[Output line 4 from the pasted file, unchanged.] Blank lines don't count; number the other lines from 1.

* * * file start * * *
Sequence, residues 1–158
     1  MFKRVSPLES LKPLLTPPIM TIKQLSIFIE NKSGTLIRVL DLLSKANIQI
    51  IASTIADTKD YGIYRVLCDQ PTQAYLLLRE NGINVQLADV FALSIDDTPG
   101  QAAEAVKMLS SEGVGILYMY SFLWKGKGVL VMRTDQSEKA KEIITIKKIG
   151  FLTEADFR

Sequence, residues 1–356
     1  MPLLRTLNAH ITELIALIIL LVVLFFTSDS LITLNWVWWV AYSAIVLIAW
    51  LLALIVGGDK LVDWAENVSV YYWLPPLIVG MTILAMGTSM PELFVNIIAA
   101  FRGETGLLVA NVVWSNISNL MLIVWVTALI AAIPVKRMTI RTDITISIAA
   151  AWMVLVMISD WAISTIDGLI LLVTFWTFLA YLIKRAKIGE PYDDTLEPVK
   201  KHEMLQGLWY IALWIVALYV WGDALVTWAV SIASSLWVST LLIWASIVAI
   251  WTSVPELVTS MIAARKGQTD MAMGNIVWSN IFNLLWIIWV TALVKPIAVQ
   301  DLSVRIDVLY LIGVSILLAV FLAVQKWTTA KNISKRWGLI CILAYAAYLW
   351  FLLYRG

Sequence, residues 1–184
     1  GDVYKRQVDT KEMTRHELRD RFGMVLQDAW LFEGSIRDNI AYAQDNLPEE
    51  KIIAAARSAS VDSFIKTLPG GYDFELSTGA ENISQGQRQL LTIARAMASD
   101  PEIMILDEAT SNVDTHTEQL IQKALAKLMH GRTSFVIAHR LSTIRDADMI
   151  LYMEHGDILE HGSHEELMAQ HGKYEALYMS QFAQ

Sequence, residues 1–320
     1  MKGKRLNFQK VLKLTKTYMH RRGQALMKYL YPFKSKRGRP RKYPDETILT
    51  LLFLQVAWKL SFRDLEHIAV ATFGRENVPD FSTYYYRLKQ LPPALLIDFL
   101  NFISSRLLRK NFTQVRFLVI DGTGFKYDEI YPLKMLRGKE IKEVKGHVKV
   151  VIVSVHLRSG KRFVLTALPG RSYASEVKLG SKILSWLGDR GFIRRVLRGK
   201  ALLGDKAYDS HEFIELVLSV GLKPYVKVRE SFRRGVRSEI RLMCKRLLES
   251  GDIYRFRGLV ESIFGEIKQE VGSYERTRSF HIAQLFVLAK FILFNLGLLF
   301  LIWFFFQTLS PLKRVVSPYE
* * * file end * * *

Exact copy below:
   101  QAAEAVKMLS SEGVGILYMY SFLWKGKGVL VMRTDQSEKA KEIITIKKIG